Eventually, everything was out—their full names, the identities of their family members, one of the girls’ ex-partners, photographs of them from high school, their alleged workplaces, you name it. The doxxers even made it their mission to leave hundreds of fake comments on the Google reviews page of one of the girls’ alleged workplace, urging her place of employment to fire her in the name of justice, accountability, and of course, “#bekind.”

Now, was the behaviour of said “mean girls” quite callous? Yes, and the way in which their actions were depicted in the video did come across as rude and unnecessary. However, the real problem here is that we were just shown a 50-second clip without any context whatsoever, other than La Bonita’s perception of the events and her side of the story. And that short video was reason enough for hundreds, if not thousands of people, to take time out of their day and try to ruin the livelihoods of the “mean girls,” and compromise their safety and their livelihoods.

Both girls have since come out with a video of their own explaining their side of the story, claiming that they felt uncomfortable that they were being recorded by a man (the man in question was the person taking photos and videos of La Bonita in the first place) for over five minutes or ten minutes, and that the flipping off was not aimed at the influencer, but at the camera itself.

They further explained that they have both received death threats and had their home addresses revealed. “I’m not justifying her behaviour, I’m not justifying ours but what is happening to us, coming from millions of people is honestly very scary,” one of them said in the video.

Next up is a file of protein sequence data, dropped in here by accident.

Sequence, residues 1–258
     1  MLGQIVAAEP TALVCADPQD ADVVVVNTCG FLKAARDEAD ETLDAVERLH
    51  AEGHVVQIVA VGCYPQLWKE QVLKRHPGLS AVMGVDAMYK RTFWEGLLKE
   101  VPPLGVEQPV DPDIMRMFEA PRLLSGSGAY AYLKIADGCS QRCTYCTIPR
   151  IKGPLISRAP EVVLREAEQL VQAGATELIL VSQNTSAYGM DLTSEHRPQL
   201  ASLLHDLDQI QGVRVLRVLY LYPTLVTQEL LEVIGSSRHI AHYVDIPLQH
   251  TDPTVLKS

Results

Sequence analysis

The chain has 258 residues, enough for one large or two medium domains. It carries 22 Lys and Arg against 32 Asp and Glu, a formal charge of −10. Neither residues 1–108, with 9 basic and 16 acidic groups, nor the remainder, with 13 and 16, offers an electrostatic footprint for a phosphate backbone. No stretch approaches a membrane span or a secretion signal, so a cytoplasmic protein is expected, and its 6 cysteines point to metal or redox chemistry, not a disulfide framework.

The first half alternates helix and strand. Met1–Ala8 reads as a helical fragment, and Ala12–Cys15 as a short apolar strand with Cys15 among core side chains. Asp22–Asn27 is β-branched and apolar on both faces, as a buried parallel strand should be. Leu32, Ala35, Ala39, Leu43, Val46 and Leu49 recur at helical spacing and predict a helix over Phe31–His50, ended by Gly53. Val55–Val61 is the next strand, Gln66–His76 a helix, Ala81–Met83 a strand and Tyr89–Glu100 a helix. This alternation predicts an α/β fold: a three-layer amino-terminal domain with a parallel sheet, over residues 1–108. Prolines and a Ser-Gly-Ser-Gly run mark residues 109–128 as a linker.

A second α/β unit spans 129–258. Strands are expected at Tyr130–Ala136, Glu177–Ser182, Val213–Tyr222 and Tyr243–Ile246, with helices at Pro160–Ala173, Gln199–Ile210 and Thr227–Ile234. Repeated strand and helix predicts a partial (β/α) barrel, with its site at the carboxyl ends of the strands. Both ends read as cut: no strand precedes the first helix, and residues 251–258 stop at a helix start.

@dohwatson

What do you guys think?#jackielabonita #lizandalondra

♬ original sound - Doh Watson

Now, this “mean girls” baseball gamegate is just one example, but people on the internet get doxxed all the time, as a result of the cancel culture we have all created in recent years. Sometimes, it’s for minor cases like this, and in others, doxxing can happen as a result of somebody’s much more severe and problematic actions.

Now, I am not saying that people should not be called out—justice is important, and accountability is something we should always advocate for as a society. But is the best way to get justice by joining a modern-day witch hunt? Should we justify doxxing as an appropriate form of punishment, and is it really the best way to create actual change? The digital world we operate in often doesn’t have any rules, but sometimes boundaries are necessary.

@gaggle_of_ferrets

#duet with @dottoresmunch in baffked by the audacity the internet has

♬ original sound - Viv

As clinical psychologist Dr. Robert T. Muller wrote in a piece for Psychology Today, “When a victim becomes a target by an online mob, not only can they suffer physically, but they can also face psychological trauma.”